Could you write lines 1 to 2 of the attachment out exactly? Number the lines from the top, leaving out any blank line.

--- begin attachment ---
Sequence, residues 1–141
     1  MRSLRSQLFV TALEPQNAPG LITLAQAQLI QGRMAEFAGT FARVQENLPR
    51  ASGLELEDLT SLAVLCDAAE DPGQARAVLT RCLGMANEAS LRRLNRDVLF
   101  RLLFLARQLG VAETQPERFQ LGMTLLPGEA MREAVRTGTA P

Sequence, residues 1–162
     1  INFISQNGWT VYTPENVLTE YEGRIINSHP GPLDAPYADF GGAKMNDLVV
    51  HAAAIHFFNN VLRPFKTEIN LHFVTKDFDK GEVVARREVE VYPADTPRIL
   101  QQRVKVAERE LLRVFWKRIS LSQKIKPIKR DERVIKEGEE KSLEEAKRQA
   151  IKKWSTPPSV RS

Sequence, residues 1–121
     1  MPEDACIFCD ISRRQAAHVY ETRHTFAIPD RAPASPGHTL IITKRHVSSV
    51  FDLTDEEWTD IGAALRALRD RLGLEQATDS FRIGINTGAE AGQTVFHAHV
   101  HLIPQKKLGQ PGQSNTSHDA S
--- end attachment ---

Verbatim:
Sequence, residues 1–141
     1  MRSLRSQLFV TALEPQNAPG LITLAQAQLI QGRMAEFAGT FARVQENLPR